Though this wasn’t exactly a franchise-altering trade for the Black & Gold, it is indicative of the direction the franchise was moving in. The year following the McEachern trade, Boston missed the playoffs for the first time in 30 years, and would fail to qualify for the postseason two additional times over the next four seasons.
Bruins Acquire: Jim Craig
Flames Acquire: Second-Round Pick (Steve Konroyd), Third-Round Pick (Mike Vernon)
Fresh off his sterling success and heroics in the 1980 Olympics, goaltender Jim Craig came home to Boston. Acquired for a second-round pick and a third-round pick, the North Easton native seemed to be a perfect fit. The recently-acquired Rogie Vachon would hold the fort while Craig got his feet wet at the NHL level as a backup. With Vachon having just turned 35 years old, Craig would hopefully be the heir-apparent.
It was not meant to be.
His tenure with the Bruins would last just 23 games; his NHL resume would boast just three additional appearances. He compiled a 9-7-6 record with a goals-against-average of 3.68, and the Bruins were swept in the first round of the playoffs.
Calgary’s third-round pick was spent on a local goaltender named Mike Vernon. Vernon would go on to play 781 games in the NHL, winning 385. He won a Stanley Cup with the Flames at the end of the 1988-89 season. He and Chris Osgood shared the William M. Jennings Trophy for fewest goals allowed during the 1995-96 season. Vernon won another Stanley Cup the following year, in which he was awarded the Conn Smythe Trophy.
Steve Konroyd had a journeyman’s career, playing for six different teams. However, he played 895 games of steady defense over 13-plus seasons.
Flopping Like a Seal
Bruins Acquire: Carol Vadnais, Don O’Donoghue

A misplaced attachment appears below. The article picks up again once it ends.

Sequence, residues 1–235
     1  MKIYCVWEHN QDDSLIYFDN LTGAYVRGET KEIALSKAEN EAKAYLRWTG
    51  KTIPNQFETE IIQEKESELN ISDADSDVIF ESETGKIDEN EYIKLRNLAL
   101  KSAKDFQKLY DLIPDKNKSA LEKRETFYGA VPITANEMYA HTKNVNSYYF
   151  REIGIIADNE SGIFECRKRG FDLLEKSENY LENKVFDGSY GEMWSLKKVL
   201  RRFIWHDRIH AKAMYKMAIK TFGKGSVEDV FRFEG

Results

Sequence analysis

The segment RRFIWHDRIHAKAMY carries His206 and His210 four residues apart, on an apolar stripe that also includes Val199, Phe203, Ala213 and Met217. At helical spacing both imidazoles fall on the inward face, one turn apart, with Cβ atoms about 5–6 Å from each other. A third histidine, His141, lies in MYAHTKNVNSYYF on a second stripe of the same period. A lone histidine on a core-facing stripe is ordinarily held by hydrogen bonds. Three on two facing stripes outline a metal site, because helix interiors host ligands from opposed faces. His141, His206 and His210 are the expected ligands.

Golden Seals Acquire: Reggie Leach, Rick Smith, Bob Stewart
Three years prior to being involved in one of Boston’s best trades of all-time, Carol Vadnais was part of one of the franchise’s worst.
That’s not a knock on Vadnais, who was a very useful defenseman for the Bruins over parts of five seasons. He recorded 181 points over 263 games with Boston; excellent numbers for a defenseman of the era. He was also a member of the 1971-72 Bruins squad that lifted the Cup at season’s end.
Don O’Donoghue was not quite as successful, as he failed to dress for a single NHL game.
So if Vadnais was such a good fit, how could this be one of the franchise’s worst trades?
Two words: Reggie Leach.
Though his best success would not come with the Golden Seals, Leach lit up the league for years as a member of the Philadelphia Flyers.
Following his trade from Boston, he would register 372 goals and 640 points between California, Philadelphia, and Detroit.
He eclipsed 20 goals in 10 straight seasons, 30 goals six times, and potted 61 goals during the 1975-76 season. In the 1976 playoffs, he won the Conn Smythe Trophy despite playing for the runner-up.